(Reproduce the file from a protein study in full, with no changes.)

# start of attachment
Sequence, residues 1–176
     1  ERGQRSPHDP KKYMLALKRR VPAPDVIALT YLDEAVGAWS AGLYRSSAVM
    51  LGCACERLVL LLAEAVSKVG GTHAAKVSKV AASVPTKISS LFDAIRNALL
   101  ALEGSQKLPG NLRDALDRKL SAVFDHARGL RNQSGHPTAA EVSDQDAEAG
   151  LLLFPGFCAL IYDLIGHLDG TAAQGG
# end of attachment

Sequence, residues 1–176
     1  ERGQRSPHDP KKYMLALKRR VPAPDVIALT YLDEAVGAWS AGLYRSSAVM
    51  LGCACERLVL LLAEAVSKVG GTHAAKVSKV AASVPTKISS LFDAIRNALL
   101  ALEGSQKLPG NLRDALDRKL SAVFDHARGL RNQSGHPTAA EVSDQDAEAG
   151  LLLFPGFCAL IYDLIGHLDG TAAQGG